I once interviewed Lester Maddox on my television show. It was 1969 and he was well known at the time as a Southern segregationist and former chicken restaurateur turned politician. Maddox and I had diametrically opposing perspectives. He got out of the restaurant business after the Civil Rights Act of 1964 passed so that he wouldn’t have to serve Black people, while I once refused to play an exhibition game after a restaurant refused to serve me or my Black teammates.
Maddox made a show out of his refusal to integrate his restaurant. He waved axe handles and guns at peaceful protesters and argued, loudly, that being forced to serve Black people encroached on his freedom. He closed his restaurant in Atlanta, ran for governor of Georgia, and won.
So why would I give a platform to an individual who held such racist beliefs? First, part of freedom is allowing everyone — even the most hateful people — to speak. And second, doing so also exposes how a person comes to hold such beliefs. Now, Lester Maddox wasn’t exactly an intellectual giant, so I doubt he would’ve been able to question the culture he had been born into if he tried, but having him on my show exposed him for the fool he was and might have also given other people some things to think about regarding the plausibility of “separate but equal.”
Even though that moment has long since passed, I’m struck by how similar it felt to the moment I’m living through now. In 2020, Black and Brown people are still fighting for justice, racists still hold the highest offices in the land, and kids today still grow up with cultural norms that aren’t different enough from the ones that Lester Maddox grew up with.
In 2020, Black and Brown people are still fighting for justice.
Now, when I say Black and Brown people are still fighting for justice 50 years after I interviewed a prominent segregationist — “an old country boy” who ran for political office on a platform of hate and won— I don’t mean to sound surprised. I’m not. White people are surprised by that. In fact, I find that white people are often surprised that racial injustice still exists outside of a few “bad apples.” This surprise is particularly dangerous because racial injustice is rampant throughout every sector of American society, from education to health care to sports, and the fact that this remains surprising to many reveals exactly how different Black and white people’s experiences of life in America are.
I grew up in Monroe, Louisiana, in the 1930s and early 1940s in a family that managed to laugh despite the racial terror that surrounded us. There was the night the Klan came for my grandpa. He knew they were coming, so he had taken his family someplace safe and then sat at his house waiting for the Klan to arrive. He never said anything about what it felt like to wait, alone in the dark, for men intent on murdering him, but it must’ve been equal parts terrifying and infuriating. When they got there, someone fired a shot, so my grandpa went to get his shotgun so he could shoot back. Grandpa started firing and kept reloading until the Klansmen left. The story was told and retold throughout the community, the rare story of a Black man standing up to injustice without facing brutal repercussions. Everyone would laugh when they reached the point in the story when the KKK left, running. That moment was a moment of sheer relief, even in the telling — but we all knew they could come back the next day.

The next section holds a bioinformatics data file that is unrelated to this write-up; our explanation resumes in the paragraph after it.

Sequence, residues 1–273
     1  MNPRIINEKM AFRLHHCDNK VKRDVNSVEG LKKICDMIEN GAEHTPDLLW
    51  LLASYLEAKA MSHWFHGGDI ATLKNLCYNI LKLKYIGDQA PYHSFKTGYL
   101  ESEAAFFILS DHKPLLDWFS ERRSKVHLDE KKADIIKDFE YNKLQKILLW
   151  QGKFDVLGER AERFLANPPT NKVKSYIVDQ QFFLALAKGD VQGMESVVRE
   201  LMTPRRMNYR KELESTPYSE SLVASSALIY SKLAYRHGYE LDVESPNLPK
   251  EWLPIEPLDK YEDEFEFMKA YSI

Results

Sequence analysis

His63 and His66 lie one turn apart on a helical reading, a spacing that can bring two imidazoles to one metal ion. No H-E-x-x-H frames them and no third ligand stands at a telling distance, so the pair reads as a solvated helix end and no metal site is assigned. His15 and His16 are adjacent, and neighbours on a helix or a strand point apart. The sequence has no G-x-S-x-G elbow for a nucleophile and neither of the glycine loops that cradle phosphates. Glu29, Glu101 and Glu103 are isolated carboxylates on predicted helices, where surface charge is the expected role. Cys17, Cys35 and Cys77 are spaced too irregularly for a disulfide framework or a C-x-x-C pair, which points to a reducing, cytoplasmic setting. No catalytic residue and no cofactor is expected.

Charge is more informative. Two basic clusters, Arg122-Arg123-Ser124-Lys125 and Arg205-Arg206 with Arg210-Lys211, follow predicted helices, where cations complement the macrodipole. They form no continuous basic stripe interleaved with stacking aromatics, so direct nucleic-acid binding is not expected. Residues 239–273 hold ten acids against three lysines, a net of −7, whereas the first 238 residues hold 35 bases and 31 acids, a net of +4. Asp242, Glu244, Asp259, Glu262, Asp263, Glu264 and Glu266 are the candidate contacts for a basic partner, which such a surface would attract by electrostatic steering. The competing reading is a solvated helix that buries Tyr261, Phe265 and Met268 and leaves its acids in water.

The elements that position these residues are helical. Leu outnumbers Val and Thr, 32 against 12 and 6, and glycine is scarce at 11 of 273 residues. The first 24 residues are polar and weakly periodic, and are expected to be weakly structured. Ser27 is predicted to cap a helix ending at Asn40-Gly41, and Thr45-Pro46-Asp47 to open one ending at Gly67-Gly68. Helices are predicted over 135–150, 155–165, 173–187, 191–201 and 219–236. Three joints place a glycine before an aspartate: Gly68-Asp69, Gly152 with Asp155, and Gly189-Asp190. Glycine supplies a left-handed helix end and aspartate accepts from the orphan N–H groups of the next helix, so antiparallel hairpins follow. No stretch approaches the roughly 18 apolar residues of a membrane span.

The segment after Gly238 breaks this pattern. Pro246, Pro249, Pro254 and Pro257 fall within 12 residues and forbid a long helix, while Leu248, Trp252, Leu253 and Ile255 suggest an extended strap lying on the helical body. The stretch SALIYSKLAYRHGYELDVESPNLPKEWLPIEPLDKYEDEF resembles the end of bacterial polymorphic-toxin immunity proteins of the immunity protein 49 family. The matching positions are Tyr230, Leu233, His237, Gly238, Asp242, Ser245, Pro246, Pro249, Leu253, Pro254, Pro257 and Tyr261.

He never said anything about what it felt like to wait, alone in the dark, for men intent on murdering him, but it must’ve been equal parts terrifying and infuriating.
One time, my dad ran out of gas in his work truck at the end of the day and had to walk home. While he was walking on the road, a couple of white men pulled up next to him in a car and asked, “Boy, can you run?” My father said nothing and kept walking. One of the men waved a gun in the air before repeating the question. My father started running. A bullet whizzed by. My father dove off the road into the ditch to keep from getting killed. When he would tell the story later, he’d say that he yelled at the snakes to move over, which always got a big laugh.
There were some stories no one could laugh about, though — stories about Black men disappearing. That was how lynching happened in those days, quietly, without so much as a line in the newspaper. Black people were too scared to ask publicly what had happened to the men who went missing, although they speculated at home plenty.
All of this might seem like ancient history, with no bearing on today. After all, these are stories from my early childhood, stories that are 80 years old. But in terms of time, 80 years is only a generation or two. Black kids today don’t grow up worried the Klan will kill them in the middle of the night — they worry the police will. The effects of racial terror perpetrated over hundreds of years don’t disappear simply because America wills them to. Yet all is not hopeless. There are ways to make them disappear. They disappear with national reckoning, with an examination of our cultural norms and our power structures, with the dismantling and rebuilding of our institutions, and by ending voter suppression so that everyone can vote for change from the bottom to the top of the ballot. In 1969, Black and Brown folks were fighting against social injustices that are no less pervasive today, the mode of delivery has just changed. They are easy to see if you only look, particularly in politics.
When asked about integration for an article published in Esquire in October 1967, Maddox said, with a Southern drawl, “When the government tried to force my customers to sit next to Negroes I got mad. We don’t cotton to that down here. I’m a peaceful man and I always treated my colored help fair with due respect and a decent wage. But I’m not going to live next door, no sir.” In other words, Maddox had nothing against Black people, as long as they were subservient to white people and stayed in their neighborhood. This sentiment is alive and well today. In July 2020, for example, Donald Trump, a New York businessman turned politician tweeted about ending a government program put in place to combat racial segregation in suburban housing: “I am happy to inform all of the people living their Suburban Lifestyle Dream that you will no longer have to be bothered or financially hurt by having low income housing built in your neighborhood….” Of course, when he said “low income housing” would be built in “your neighborhood” he meant “Black and Brown people” will move to the suburbs, which are still mostly white due to redlining and economic disparities. Despite being separated by 53 years, the only substantial difference between the two men’s statements is their accents.